Thank you to the NIH nursing staff for getting this conversation started. I hope this will force the board of directors to start asking questions.

JollyGreak
JollyGreak
7 years ago

The nurses forming a union is a manifestation of staff distress and an effort to resist unfair and arbitrary administrative actions. Administration has disparaged almost everyone with inappropriate commentary and lies. The administration has lost credibility in just 10 months and is feared but not trusted or respected.

JollyGreak
JollyGreak
7 years ago
Reply to  JollyGreak

Above comment taken from knowledgeable pier who choses to be anonymous.

Keoni
Keoni
7 years ago

You do not want a nurse that is afraid to advocate, afraid to do extra work, for fear of being punished, and afraid to take decisive action for fear of discipline to work on you or your loved one. Their minds are no longer solely on caring for you. The… Read more »

JollyGreak
JollyGreak
7 years ago
Reply to  Keoni

Yea!! Incredibly pointed and honest.

Rick O'Brien
Rick O'Brien
7 years ago

An honest mechanic AND plumber are well worth what they charge…the trouble is, (finding) one.

Mary Richardson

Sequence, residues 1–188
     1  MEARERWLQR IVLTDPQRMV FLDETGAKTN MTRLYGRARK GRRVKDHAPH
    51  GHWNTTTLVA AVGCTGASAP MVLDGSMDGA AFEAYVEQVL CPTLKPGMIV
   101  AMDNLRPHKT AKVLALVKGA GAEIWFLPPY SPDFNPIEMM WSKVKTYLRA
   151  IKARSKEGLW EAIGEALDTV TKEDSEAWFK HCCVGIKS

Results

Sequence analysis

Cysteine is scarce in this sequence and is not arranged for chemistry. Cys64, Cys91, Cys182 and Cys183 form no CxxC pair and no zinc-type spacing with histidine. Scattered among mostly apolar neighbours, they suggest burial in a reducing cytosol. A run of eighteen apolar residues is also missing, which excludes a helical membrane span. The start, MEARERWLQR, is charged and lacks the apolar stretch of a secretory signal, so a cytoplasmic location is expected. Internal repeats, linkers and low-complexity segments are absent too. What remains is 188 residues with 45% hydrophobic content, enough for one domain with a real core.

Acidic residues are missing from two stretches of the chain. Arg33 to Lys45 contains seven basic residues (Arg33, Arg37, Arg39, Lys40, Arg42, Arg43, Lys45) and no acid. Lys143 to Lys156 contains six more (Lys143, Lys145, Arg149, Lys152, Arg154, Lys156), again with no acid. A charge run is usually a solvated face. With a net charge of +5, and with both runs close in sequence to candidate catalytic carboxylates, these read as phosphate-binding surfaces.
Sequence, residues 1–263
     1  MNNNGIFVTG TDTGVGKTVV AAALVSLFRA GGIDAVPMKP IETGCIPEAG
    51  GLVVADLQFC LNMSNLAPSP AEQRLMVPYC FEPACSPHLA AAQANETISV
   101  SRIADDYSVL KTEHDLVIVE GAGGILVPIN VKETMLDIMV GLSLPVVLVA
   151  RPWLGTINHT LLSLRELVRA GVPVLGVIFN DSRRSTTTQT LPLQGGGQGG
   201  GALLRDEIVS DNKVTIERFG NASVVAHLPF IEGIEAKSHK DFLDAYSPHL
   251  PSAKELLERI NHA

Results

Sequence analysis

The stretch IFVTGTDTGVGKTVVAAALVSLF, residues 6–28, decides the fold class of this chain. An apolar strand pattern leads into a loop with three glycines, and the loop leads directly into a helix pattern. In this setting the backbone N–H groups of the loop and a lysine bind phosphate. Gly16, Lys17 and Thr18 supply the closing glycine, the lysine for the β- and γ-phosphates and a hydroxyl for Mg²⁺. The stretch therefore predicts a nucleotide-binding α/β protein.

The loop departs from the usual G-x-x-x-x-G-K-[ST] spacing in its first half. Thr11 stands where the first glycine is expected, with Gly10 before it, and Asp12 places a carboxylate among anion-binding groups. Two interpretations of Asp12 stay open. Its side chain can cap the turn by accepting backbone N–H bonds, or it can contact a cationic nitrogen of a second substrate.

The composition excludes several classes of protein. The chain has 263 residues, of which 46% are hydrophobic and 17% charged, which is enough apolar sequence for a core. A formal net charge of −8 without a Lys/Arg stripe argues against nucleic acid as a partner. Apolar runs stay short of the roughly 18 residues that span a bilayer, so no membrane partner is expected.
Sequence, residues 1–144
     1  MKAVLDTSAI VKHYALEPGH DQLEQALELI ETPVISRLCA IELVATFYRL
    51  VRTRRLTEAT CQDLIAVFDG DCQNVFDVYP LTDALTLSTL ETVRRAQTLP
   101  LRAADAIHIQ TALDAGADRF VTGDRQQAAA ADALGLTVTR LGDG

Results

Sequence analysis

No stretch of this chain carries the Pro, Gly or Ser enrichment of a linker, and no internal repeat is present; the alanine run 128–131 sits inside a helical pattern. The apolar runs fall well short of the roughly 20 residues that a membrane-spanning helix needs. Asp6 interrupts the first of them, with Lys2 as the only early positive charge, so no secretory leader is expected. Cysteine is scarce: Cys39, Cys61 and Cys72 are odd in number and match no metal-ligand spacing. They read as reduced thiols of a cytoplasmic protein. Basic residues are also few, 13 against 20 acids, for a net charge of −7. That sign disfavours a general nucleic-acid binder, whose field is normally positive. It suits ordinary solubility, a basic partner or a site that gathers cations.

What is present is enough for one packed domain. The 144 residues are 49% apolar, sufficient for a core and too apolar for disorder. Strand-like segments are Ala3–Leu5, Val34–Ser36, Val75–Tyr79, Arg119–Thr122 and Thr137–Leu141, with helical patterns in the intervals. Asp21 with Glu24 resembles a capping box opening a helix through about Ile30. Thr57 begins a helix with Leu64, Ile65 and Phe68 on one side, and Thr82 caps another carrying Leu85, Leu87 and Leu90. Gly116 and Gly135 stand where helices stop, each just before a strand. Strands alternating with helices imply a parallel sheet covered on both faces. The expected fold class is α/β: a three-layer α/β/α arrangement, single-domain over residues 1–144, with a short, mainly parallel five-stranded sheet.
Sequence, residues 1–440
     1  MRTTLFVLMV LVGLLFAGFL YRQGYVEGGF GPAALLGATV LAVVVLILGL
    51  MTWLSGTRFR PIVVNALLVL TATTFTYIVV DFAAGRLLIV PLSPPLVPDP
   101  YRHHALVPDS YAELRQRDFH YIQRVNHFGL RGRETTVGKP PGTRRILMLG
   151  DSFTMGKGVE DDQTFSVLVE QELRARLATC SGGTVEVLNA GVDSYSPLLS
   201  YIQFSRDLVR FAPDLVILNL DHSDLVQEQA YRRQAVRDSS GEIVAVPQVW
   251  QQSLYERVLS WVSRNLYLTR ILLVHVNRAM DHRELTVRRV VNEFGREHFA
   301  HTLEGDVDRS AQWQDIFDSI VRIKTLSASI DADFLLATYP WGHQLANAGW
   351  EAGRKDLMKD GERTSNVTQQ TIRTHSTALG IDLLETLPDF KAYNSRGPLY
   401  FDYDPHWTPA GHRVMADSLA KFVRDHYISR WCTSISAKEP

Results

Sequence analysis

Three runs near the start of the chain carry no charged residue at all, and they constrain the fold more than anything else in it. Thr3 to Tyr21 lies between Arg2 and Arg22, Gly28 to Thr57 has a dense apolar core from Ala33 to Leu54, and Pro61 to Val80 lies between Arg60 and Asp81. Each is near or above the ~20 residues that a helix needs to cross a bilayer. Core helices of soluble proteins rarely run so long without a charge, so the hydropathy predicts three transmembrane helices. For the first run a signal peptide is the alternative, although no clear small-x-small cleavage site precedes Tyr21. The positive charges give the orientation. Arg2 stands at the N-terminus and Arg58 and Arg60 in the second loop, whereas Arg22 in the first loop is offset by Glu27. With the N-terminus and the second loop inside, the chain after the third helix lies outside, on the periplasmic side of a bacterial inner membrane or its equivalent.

Mary Richardson
7 years ago

It is interesting (to me) that many of the negative comments seem to be based on the misconception that the nurses are focused on their salaries/pay checks, and not on the issues they have actually raised: professional working conditions; adequate time to carry out essential assigned tasks in both patient… Read more »

nurs
nurs
7 years ago

I would also like to admit that my plumber and mechanic here in Bishop make double what I make per hour — but I sure do appreciate their services in an emergency!

nurs
nurs
7 years ago

Historically, nursing unions have been about money, but this issue isn’t about money. It is about patient safety and morale. The most polarized comments come from people whose basic opinion is — they should be happy, they make a lot of money. That is not the issue. In fact, management… Read more »

Keoni
Keoni
7 years ago
Reply to  nurs

Most of this stuff is just to cause attrition. The environment is poisonous.

JollyGreak
JollyGreak
7 years ago
Reply to  nurs

Right on “nurs”-you tell it like it is.

Jack T.
Jack T.
7 years ago

Yes, this is not about pay but since we’re on the subject I’d like to point out that for a small town, having a decent number of well-paid people including DWP, Edison, NIH etc, helps people like me who builds their homes, fixes their electrical or plumbing, repairs their car,… Read more »

Terry
Terry
7 years ago

Where is the board of directors on all of this?? They seem very quite. Seems like the CEO has them bound and gagged.

JollyGreak
JollyGreak
7 years ago
Reply to  Terry

Good one!!

Ben Holgate
Ben Holgate
7 years ago

I have seen extensive research on the inefficiencies of our healthcare system. The predominance of information available shows its primary failings to be inconsistent oversight and lack of regulation which has lead to over-prescription of drugs and radical invasive procedures coupled with completely insane billing practices. This is at the… Read more »